Conversation with 3 Dutch entrepreneurial urban planners and designers

Dec 12
2012

On December 11th we had three visitors from Rotterdam. Petra Maas, Geert Kooistra and Liliane Geerling met each other whilst working at planning office BVR Adviseurs. But since the speculative Dutch real estate bubble burst, they have redeployed to their own base. Petra has established her own office Beeldverband, Geert is working from Planosfeer and Liliane is re-orienting herself from a part-time teaching position. Together they are developing new ideas and approaches to get a shell-shocked system going again.

Can you explain what is going on at this point in urban planning and development in The Netherlands?

Well, clearly we are living through a phase of creative destruction. The old recipes don’t work anymore. The existing system has been shaken to its foundations because of hubris and mismanagement. Public authorities have ventured recklessly into private territory and as a result of the financial crisis incurred huge losses. In the eyes of the public they have gambled and lost their legitimacy. The private developers, however, have mostly gotten away with it. As a result there is great anger, distrust and uncertainty and nobody moves. The megalomaniac masterplans (Blauwestad, etc) have been shelved almost everywhere but planning authorities are still too afraid to burn their fingers to experiment with alternative approaches. They are scared of everything. And they try to scare us too! Indeed, citizens have been pampered for too long. They need to be reactivated again. At this moment, citizens and planning authorities are not able to connect at the right level. Local governments need to move away of the idea that they need to do everything. Instead they have to create opportunities for the right conversations and experiments to take place.  Finally, let’s not forget that everything in Holland is immobilised because of a thicket of rules. Everything, down to the tiniest detail, is regulated. It stifles innovation and keeps people from looking ahead. So the whole system is seriously gridlocked. The crisis exposes the weakness of the existing model. We all agree that the crisis is a consequence of the old system that ground itself to a halt. It’s not the other way around. But the crisis is also a huge opportunity. In a way we are blessed in Holland that we are gridlocked because now we really have to move. 

So what do you do as young but experienced planners and designers in such a challenging situation?

Compare it to water that percolates even into the most barren ground. It takes a while but eventually it gets there. We are trying to find our way in the cracks of a paralysed system. We don’t see ourselves as activists although we sympathise with their goals. However, we are not interested in a conflict model. We start from within our rather traditional practice, trying to create momentum from modest opportunities. It doesn’t have to be spectacular. A local event can be enough to set things in motion. We need to be flexible, pragmatic, low threshold and use all the channels and levers that contemporary society offers. So you will see us writing editorials, lecturing and teaching, communicating via social media. We use the incredible power of images to visualise attractive and tangible solutions. We create and reconfigure networks all the time. We inject insights from other disciplines and common sense in complex spatial problems. Always trying to build on positive, good experiences. Always trying to persuade through our own passion. It’s very eclectic and very personal. Similarly as you guys at shiftN we profile ourselves as ‘specialist generalists’. We don’t claim to know everything but we are good at pulling together transsectoral networks to tackle spatial challenges in a context-sensitive way.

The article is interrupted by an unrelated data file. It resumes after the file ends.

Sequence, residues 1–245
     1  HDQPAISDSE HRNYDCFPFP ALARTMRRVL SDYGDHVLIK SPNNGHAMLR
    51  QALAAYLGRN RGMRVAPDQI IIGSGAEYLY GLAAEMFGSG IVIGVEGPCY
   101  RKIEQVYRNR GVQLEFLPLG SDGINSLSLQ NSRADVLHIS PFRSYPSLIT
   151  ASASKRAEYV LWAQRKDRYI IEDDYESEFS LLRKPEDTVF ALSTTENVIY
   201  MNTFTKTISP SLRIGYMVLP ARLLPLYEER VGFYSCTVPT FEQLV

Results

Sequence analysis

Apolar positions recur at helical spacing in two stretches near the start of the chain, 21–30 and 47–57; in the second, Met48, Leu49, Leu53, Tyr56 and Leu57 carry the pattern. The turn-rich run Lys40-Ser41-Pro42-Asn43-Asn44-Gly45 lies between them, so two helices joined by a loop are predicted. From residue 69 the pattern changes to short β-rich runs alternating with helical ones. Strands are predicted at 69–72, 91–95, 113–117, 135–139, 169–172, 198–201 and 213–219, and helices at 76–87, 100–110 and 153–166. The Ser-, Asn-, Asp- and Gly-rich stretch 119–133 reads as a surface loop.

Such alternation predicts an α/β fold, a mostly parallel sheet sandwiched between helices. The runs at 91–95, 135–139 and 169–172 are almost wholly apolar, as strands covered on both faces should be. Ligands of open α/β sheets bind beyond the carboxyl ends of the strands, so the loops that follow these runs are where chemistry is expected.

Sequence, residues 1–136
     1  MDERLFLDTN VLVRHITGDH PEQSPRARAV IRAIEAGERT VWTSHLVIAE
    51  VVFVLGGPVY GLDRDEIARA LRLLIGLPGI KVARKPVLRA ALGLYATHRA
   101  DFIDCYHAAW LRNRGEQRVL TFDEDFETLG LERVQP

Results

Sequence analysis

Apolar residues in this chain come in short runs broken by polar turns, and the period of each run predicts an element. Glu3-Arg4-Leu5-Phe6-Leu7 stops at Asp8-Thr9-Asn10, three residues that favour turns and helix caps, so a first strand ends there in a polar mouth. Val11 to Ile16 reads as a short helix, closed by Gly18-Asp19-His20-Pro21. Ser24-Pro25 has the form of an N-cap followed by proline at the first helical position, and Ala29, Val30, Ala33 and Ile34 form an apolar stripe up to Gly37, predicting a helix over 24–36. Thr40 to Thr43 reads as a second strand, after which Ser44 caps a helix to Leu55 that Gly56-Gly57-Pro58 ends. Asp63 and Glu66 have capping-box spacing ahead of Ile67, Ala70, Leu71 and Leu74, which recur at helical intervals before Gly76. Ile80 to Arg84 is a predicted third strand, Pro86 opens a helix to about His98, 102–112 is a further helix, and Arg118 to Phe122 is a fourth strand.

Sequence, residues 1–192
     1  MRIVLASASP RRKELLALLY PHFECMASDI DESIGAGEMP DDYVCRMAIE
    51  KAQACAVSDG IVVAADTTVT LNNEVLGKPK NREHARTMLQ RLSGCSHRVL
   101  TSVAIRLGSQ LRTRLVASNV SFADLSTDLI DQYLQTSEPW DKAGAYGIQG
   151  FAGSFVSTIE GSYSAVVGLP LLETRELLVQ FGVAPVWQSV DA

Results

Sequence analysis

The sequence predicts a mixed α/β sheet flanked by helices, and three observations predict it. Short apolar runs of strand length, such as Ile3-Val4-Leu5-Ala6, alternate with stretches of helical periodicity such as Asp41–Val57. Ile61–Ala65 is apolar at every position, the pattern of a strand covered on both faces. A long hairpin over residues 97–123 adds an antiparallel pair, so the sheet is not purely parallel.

That’s exciting. But, if I may ask, how can you earn you daily bread with these kinds of subtle strategies that seem to transcend the boundaries of a ‘project’?

That’s a very good question. It’s true that our practice needs new financing models. At this point we are still relying on public financing and subsidies, but we believe that the trend towards ad hoc, fluid consortia of service providers will be matched by a trend towards more flexible and open-ended financing logics. The cumbersome tendering models have shown their limits. Just as we see flexible constellations at the supply side we will see hybrid configurations of public authorities, private parties and citizens on the demand side. And within public services we will work with a much more diverse spectrum of sponsors, ranging from traditional planning departments to hospitals to educational institutions and energy providers. We may also have to rely on an ecosystem of smaller projects. Crowdfunding points the way to a more nimble and modest kind of financing that is much more reliant on social capital than on strict, impersonal rules of organising tenders for big projects. Hence the importance of strong communication, visualisation and good branding on our side.

Thanks a lot, guys. We look forward to teaming up with you!

“Nothing in the world is more flexible and yielding than water. Yet when it attacks the firm and the strong, none can withstand it, because they have no way to change it. So the flexible overcome the adamant, the yielding overcome the forceful. Everyone knows this, but no one can do it.”

—Lao Tzu

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